by Liam Scheff.
1 of 15×15
I woke to the alarm bell. But I wake to the alarm bell every day. What’s new…We’ve been petitioning the mayor to change the value on the radiation clock, so as we’re not rattled awake at 5 am, when the morning breezes breach the mountains, but he says it’s good for us to be reminded what we’re up against – the invisible enemy. “Radionuclides,” the three sisters: tritium, strontium, cesium.
We tell him that the alarm bell doesn’t stop radionuke-whatevers, and us not getting enough sleep craps up the whole morning’s school or work, so we’re all extra grumpy by lunch hour. He doesn’t care. He’s such a crack-head.
I mean, not a crack-head like it used to mean. But he’s as much the Mayor as I am ‘director of the 6th squad.’ Before a year ago, there was no sixth squad, and he was no mayor. He was a car dealer. And there were no squads. There was nothing. But then the reactor breached, or that’s how they called it, and Mayfield was burnt. And all the towns downriver had to run. Nothing was safe for 200 miles. it was bad over there.
We’re on the other side of the range, thank God, and our water comes down the mountain on this side, so we were safe. Or, so we thought until Clement Wilson took out his Geiger counters and radiation readers and told us, “you folks got a problem.” He didn’t include himself, though he’s not immune, either. It’s just because he hasn’t associated with the town folk for 15 years.
He’s been preparing for the end of times since his wife left him back in the ’90s, because he was such a great big ball of nuts. Always talking about the Kennedy assassination, with these scale models of all kinds of events in his basement and garage, Waco, Colorado, Connecticut — and they took over the living room, and one day she — his wife — just said, “Clement, it’s either Lee Harvey or me.” And you know what he said, ’cause she packed her bags and walked out, and went to her sister’s over in the next State. She never comes back here.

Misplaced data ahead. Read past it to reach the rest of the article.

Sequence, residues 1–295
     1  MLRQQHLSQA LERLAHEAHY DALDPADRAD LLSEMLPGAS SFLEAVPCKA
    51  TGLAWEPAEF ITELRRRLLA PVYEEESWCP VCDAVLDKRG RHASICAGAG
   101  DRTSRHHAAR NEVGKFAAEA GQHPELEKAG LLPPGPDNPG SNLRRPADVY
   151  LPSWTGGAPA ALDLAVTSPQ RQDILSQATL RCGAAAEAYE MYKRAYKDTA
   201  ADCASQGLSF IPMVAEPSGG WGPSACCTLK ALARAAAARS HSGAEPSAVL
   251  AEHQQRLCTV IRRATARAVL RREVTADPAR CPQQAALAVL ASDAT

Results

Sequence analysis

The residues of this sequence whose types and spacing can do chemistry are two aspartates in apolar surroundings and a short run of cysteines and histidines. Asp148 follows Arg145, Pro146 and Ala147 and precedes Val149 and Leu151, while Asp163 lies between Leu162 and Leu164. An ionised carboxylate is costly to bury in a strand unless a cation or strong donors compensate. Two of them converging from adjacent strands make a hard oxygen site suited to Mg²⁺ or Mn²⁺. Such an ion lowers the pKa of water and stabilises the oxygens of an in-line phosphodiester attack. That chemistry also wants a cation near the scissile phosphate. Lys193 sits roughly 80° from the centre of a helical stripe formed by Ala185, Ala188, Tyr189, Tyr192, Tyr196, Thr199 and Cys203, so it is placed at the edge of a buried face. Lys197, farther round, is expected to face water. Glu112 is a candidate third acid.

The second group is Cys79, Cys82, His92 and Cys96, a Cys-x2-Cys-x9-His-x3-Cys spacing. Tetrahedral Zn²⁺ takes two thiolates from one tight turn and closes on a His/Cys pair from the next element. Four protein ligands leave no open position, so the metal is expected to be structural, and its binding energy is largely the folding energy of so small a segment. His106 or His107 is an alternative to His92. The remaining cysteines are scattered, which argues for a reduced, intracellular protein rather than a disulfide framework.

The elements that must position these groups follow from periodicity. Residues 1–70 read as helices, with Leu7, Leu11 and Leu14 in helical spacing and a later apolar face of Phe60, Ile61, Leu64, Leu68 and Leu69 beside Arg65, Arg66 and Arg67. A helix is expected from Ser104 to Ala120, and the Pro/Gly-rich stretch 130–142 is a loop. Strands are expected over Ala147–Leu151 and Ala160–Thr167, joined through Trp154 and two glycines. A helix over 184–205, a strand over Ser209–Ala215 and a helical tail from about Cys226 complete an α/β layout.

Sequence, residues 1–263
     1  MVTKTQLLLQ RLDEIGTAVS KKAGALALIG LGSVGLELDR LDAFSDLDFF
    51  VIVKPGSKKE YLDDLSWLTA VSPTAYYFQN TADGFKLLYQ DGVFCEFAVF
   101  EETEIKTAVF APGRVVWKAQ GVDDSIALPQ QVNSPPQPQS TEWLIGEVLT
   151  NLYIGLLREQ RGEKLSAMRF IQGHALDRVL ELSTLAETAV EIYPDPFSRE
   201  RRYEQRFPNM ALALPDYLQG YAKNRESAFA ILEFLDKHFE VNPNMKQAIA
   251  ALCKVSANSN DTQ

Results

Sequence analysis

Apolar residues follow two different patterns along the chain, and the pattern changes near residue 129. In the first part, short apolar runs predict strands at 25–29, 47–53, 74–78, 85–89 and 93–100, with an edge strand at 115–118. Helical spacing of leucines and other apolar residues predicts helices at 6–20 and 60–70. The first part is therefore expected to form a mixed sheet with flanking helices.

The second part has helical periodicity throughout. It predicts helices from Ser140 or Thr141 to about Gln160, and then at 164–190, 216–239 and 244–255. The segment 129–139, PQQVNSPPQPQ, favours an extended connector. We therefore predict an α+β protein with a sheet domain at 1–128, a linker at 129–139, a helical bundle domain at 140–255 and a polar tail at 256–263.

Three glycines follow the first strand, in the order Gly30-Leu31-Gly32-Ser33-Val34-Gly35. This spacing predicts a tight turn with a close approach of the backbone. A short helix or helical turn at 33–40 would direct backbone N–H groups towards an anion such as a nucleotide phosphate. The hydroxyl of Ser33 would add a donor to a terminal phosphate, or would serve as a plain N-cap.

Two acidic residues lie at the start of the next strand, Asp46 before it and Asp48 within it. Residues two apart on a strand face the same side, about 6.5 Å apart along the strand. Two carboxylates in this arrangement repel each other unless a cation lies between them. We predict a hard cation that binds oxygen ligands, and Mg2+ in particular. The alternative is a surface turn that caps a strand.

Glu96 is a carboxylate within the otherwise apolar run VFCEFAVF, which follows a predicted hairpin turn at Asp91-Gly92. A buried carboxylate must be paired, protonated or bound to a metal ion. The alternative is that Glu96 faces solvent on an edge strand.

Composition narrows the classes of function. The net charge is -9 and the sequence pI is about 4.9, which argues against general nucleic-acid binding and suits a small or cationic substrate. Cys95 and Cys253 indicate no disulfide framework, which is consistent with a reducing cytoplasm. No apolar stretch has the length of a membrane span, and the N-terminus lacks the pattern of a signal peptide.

But Clement still says he’s better off because he’s been planning. It’s no secret that he’s got big canisters of water. He brags about it. His well water is double filtered through a state-of-the-art stainless steel double charcoal number that he had put in when he was getting ready for the end of the world, about 2004, when he said oil would run out. Well, it didn’t run out, but he said it “peaked,” whatever that means. So, he’s got a basement so full of dry food that the whole town was ready to trample his living corpse to get when they thought the fields had gone bad from…
Well, that’s the point. From radiation. Now, we’re not down-water from Mayfield. We’re 100 miles away, but the mountains should’ve protected us. At least, that’s what the National Weather Service and Nuke commission said. But then Clement came round with his machines and showed us the damned things ticking ‘sieverts’ and ‘cesium,’ and he put the fear of God into us.
Well, not just fear, I mean. His explanations were good, that’s why we believed him. He told us how the winds came through the pass and eddied at the foot of the mountain, about 40 miles away, in big swooping currents. He showed us on a computer animation he said comes from MIT or something. A big institution. And the swooping eddies, he said, made the radioactive atoms hang in the air longer and they had time to accumulate and then settle in the Manonga River — our water source.
We’ve always been proud — and told to be proud — of how good our water is, coming out of the Manonga. Straight from clean mountain rain, run into the river, into our aquifer, through sandstone. But, we use a lot of river water direct, just through a chemical wash at the treatment station. We use it straight out of the river for the fields. And old crazy Clement, he told us cause of the eddies and the strong winds that we were getting more than our share.
“More than our share of what?” asked Jack Johnson, the car dealer, way back when, a year and 3 months ago. “Well, of radionuclides,” old Clement said, and then gave us all a lecture on what it all was about, with strontium and cesium, tritium and some other “-ums.” And how it gets into your bones and teeth and lungs, because the meltdown they had over there went into groundwater and the whole thing exploded for days. But the winds were southwesterly then, lucky for us, he said. So we were spared, unlike Jacksonville, Everetville and Kenneton, which were all fully radiated, he said. Or, irradiated, I mean, though it’s the same difference.